May 29, 2011

Take a break and enjoy...

I don't know about you, but Languages are my passion. Not only teaching and being able to say different things in different ways, but the essence of Language itself. The way it is so intimately connected to our feelings and how it conveys different meanings to different people. I guess that's why I found this article so fascinating. If you, like me, take pleasure in understanding Language and how much it means, you'll love this. Consider this your personal time and take a little break to read:

20 Awesomely Untranslatable Words from Around the World


Spelling Game

About a month ago, I was looking for a fun option to review spelling with my young students. Where I work, we have a mimio (interactive board) in each classroom, so I thought that taking advantage of that was a great idea. Thus, using Power Point, I created a document for Spelling Contest . This is how I did it:

1- The first slide is only a "Game Presentation". This is what I used:

2- Then, I arranged 15 numbers in 3 columns.

3- Each number was linked to another slide that contained a picture and a word. I did this using hyperlinks. So the overall layout was looked like this:

So how does this work? I started the Power Point presentation so my students got to see the first slide only. It's amazing how excited they got, just to see that they were playing a game on the board, like the ones on TV!! :) As I moved to the second slide, I explained that they were going to be divided in two teams and each team would take turns picking their numbers. Each number was gonna unveil a secret word that they were expected to spell, in order to get a point. Since it was a small class, I had each student pick a number and spell the word by himself, having his group as a backup in case he had trouble with a letter.
The great thing about using this presentation, is that as you click on a number, it immediately takes you to the correspondent slide, which makes it really neat. I was very happy to see how excited they were to play this and how easily it was to get them engaged. It's like they didn't even notice that we were reviewing! 
If you have the opportunity to try this in class I would highly recommend it. If not, you can always use flashcards and stick them on the board or even easier; you can just write numbers on the board, and have student pick one, and then write a word on the board for them to spell it out. 

You might even come up with a better idea! If so, I'd love to hear it!
Good Luck!! XO

PS: I will be more than happy to send you this document via email, so if you want it just contact me and let me know!

May 18, 2011

In my backpack I have...

You like to take advantage of every single minute in class? This is a great activity to practice vocabulary that requires no prep at all! And to make it even better you can adapt it to different topics. It's important to keep the dynamics in this activity or else it could turn very slow and therefore, boring.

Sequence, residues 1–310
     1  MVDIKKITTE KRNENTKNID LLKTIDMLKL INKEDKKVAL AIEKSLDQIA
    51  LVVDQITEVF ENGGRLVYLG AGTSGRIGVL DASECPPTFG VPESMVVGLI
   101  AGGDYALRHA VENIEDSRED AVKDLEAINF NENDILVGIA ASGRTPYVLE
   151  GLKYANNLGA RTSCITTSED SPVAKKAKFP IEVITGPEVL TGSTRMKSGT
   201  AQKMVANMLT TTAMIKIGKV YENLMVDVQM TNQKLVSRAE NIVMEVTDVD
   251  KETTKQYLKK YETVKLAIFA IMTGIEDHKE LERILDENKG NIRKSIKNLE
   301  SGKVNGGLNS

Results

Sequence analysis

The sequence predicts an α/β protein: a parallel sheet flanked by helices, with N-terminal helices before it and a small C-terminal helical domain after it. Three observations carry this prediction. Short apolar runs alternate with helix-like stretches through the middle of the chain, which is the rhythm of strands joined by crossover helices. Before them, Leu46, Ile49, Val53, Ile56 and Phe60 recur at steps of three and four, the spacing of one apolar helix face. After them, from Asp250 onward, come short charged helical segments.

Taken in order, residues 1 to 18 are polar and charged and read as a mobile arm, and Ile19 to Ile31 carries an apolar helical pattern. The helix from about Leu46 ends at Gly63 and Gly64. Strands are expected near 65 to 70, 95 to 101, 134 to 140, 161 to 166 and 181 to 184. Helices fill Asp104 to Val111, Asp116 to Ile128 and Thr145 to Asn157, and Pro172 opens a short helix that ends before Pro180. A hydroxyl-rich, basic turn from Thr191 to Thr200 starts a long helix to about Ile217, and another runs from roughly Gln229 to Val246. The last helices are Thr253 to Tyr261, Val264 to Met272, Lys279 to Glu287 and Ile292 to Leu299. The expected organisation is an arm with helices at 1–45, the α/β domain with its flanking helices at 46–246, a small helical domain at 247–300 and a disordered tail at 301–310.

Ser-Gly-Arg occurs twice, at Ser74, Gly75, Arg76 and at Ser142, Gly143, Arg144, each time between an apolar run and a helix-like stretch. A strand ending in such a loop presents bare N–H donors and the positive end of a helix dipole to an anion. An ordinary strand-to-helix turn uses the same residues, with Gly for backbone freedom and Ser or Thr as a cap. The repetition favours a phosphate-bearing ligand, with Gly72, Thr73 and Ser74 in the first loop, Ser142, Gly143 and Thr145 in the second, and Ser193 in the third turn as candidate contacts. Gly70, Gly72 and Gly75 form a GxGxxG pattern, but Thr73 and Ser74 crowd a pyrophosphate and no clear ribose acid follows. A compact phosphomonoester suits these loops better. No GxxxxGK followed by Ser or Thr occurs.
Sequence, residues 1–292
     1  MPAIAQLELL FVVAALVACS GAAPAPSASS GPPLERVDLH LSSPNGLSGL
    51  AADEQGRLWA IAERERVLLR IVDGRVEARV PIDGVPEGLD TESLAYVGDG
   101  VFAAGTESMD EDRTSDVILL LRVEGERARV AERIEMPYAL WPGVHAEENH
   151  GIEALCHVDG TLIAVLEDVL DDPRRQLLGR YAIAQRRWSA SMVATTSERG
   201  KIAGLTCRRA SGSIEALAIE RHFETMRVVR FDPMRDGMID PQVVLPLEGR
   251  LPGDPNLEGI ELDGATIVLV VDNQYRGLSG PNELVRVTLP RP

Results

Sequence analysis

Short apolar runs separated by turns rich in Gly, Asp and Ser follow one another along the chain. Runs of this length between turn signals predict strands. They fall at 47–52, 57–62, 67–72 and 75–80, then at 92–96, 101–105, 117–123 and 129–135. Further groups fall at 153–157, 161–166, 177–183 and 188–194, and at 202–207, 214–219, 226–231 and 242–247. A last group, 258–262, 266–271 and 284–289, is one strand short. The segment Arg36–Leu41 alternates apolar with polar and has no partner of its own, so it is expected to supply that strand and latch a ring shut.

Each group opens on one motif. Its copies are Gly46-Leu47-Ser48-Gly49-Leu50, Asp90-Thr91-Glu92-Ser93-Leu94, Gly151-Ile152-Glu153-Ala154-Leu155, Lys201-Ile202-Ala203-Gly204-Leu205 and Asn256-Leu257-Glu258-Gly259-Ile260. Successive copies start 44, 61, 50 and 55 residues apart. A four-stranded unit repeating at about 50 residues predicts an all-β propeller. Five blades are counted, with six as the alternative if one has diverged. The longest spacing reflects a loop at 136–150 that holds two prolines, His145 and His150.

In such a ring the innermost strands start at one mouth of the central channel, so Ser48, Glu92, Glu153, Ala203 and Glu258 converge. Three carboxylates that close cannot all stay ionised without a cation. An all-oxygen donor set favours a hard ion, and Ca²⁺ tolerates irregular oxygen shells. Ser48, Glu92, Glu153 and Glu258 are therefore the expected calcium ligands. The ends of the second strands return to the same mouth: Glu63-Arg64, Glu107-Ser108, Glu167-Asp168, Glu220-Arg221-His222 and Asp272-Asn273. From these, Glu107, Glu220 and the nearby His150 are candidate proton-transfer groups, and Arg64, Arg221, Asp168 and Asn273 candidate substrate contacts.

The teacher will start the game with the phrase: In my backpack I have... and then point to a student who will be expected to provide a suitable word (notebook, book, pencil case, etc.). Then the teacher will continue by saying: And in my pencil case I have... and again, the students will provide words to complete the sentence.

Depending on the topic you are studying you can adapt the activity. I suggest some variations:

  • For clothes: In my closet I have... 
  • For food: In my fridge/pantry I have...
  • For furniture or objects around the house: In my bedroom/kitchen/living room I have... 
You can always come up with your own ideas. 
Good luck! XOXO

Topics for debate

This week I've been working a lot on debates with my students and I noticed it's not that easy to come up with good topics to help them express themselves. For that reason, I thought I'd share a list of those which proved to be useful for me and may be useful for you too.
I usually choose one of the following alternatives when I work with groups debate:

Presenting a situation in form of a question and allow them to answer it and provide reasons for having answered a certain way. For example:

  • Is it ok for parents to allow their children to have unlimited and unsupervised access to the computer and the internet? Why or why not?
  • What activities would you plan if you were scheduled to babysit a 5 year old next Saturday and why? What should you consider in terms of safety?
  • Should teenagers under 18 have their parents consent to get tattoos or piercings? Why or why not? What would be the pros and cons in each case?
  • Should parents constantly monitor their children when they watch TV? What are the dangers of children being exposed to the TV without adult supervision?

Presenting a line, quote or topic and ask students to agree or disagree. Some examples are:

  • Parents should do anything to protect their children, even if it involves lying or covering their mistakes.
  • Nature vs Nature.
  • Death Penalty: The man playing God?
  • Euthanasia: Should we have the right to choose?
  • Going to college is not important. What really matters is how smart you are.
  • It's useless working hard for something you want because what's meant to be will be. 
The more controversial the phrases are the more interesting the debate will be. However, when working with debate it's super important to make sure we do not include topics that would offend our students. Some of these would include religion, ethnicity and sexual orientation, among others.

Good luck! XO